These verses in 3 Nephi teach about avoiding the giving of money to the poor openly or praying and fasting openly to be seen of others. The Lord encourages us to practice righteousness in private. President Thomas S. Monson explained the value of anonymous service:
“I approached the reception desk of a large hospital to learn the room number of a patient I had come to visit. This hospital, like almost every other in the land, was undergoing a massive expansion. Behind the desk where the receptionist sat was a magnificent plaque which bore an inscription of thanks to donors who had made possible the expansion. The name of each donor who had contributed $100,000 appeared in a flowing script, etched on an individual brass placard suspended from the main plaque by a glittering chain.
“The names of the benefactors were well known. Captains of commerce, giants of industry, professors of learning—all were there. I felt gratitude for their charitable benevolence. Then my eyes rested on a brass placard which was different—it contained no name. One word, and one word only, was inscribed: ‘Anonymous.’ I smiled and wondered who the unnamed contributor could have been. Surely he or she experienced a quiet joy unknown to any other. …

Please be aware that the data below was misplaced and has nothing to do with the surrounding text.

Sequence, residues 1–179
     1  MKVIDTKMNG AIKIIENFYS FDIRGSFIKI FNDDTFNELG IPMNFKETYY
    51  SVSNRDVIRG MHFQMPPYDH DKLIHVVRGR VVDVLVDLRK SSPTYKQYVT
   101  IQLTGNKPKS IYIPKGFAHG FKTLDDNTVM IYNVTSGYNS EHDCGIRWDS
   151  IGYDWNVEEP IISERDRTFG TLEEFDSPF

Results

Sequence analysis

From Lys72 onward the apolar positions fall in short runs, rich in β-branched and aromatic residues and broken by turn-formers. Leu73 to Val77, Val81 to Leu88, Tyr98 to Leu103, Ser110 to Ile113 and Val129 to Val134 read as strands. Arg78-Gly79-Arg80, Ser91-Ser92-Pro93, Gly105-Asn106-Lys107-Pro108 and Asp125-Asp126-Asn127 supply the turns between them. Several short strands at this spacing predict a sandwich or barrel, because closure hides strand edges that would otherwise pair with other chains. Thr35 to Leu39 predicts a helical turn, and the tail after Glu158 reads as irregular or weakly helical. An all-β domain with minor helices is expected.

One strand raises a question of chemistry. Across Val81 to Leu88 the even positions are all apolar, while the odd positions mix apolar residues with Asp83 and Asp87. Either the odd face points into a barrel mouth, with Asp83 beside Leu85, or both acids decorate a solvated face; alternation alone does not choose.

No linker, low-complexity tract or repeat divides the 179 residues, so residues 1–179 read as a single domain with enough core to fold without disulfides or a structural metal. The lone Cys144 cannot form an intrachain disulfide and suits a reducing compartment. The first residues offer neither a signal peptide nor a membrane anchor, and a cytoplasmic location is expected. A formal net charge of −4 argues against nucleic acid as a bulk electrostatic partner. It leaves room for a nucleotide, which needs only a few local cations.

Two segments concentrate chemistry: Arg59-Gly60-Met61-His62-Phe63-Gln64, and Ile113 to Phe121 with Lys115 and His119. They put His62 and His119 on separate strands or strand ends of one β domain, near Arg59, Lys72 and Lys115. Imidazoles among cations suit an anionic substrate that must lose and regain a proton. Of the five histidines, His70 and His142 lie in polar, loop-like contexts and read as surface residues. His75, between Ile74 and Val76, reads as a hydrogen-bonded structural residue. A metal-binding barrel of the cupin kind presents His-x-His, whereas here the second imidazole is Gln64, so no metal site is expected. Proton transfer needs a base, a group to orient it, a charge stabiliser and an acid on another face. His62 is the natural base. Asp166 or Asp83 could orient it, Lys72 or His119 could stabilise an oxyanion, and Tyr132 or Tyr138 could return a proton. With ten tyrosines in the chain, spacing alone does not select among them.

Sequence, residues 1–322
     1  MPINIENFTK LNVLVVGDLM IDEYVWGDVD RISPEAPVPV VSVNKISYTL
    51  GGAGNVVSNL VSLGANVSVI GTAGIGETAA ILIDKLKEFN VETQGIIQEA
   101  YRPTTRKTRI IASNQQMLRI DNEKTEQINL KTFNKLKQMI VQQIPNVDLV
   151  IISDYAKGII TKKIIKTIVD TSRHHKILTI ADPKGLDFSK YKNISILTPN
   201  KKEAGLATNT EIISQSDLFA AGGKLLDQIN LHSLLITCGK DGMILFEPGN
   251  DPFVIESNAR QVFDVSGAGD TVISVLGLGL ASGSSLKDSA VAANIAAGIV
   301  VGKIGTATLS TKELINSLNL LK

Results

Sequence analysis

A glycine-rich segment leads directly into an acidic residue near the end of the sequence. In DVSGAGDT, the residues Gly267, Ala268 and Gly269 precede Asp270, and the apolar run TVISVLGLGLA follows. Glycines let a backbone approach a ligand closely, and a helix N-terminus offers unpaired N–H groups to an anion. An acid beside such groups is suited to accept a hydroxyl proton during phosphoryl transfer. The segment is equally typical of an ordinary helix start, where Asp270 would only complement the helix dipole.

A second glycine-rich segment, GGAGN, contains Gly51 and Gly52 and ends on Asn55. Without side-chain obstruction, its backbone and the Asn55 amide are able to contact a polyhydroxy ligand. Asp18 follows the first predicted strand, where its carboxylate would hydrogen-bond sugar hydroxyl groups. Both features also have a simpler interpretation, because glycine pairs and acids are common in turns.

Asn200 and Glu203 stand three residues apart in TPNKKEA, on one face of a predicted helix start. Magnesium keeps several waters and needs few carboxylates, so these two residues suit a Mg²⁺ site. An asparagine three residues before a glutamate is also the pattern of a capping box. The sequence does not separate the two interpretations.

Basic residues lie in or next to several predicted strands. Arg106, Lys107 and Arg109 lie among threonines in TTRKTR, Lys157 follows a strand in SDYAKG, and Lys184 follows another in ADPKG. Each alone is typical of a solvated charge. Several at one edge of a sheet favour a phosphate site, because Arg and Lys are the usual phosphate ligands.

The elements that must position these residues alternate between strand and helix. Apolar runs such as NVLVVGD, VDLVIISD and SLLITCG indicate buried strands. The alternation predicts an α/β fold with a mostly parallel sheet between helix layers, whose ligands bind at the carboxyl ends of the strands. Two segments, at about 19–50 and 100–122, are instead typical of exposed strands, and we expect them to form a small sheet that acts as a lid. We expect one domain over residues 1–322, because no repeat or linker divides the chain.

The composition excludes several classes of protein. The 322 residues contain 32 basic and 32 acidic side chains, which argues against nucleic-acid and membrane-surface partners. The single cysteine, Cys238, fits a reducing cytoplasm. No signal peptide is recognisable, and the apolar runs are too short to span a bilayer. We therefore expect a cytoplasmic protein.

“A year ago last winter , a modern jetliner faltered after takeoff and plunged into the icy Potomac River. Acts of bravery and feats of heroism were in evidence that day, the most dramatic of which was one witnessed by the pilot of a rescue helicopter. The rescue rope was lowered to a struggling survivor. Rather than grasping the lifeline to safety, the man tied the line to another, who was then lifted to safety. The rope was lowered again, and yet another was saved. Five were rescued from the icy waters. Among them was not found the anonymous hero. Unknown by name, ‘he left the vivid air signed with his honor’ (Stephen Spender, ‘I think continually of those—’ in Masterpieces of Religious Verse, ed. James Dalton Morrison [New York: Harper and Brothers Publishers], p. 291.) …
“May this truth [service] guide our lives. May we look upward as we press forward in the service of our God and our fellowmen. And may we incline an ear toward Galilee, that we might hear perhaps an echo of the Savior’s teachings: ‘Do not your alms before men, to be seen of them’ (Matthew 6:1). ‘Let not thy left hand know what thy right hand doeth’ (Matthew 6:3). And of our good deeds: ‘See thou tell no man’ (Matthew 8:4). Our hearts will then be lighter, our lives brighter, and our souls richer.
“Loving service anonymously given may be unknown to man—but the gift and the giver are known to God” (in Conference Report, Apr. 1983, 73–74, 76; or Ensign, May 1983, 55–57).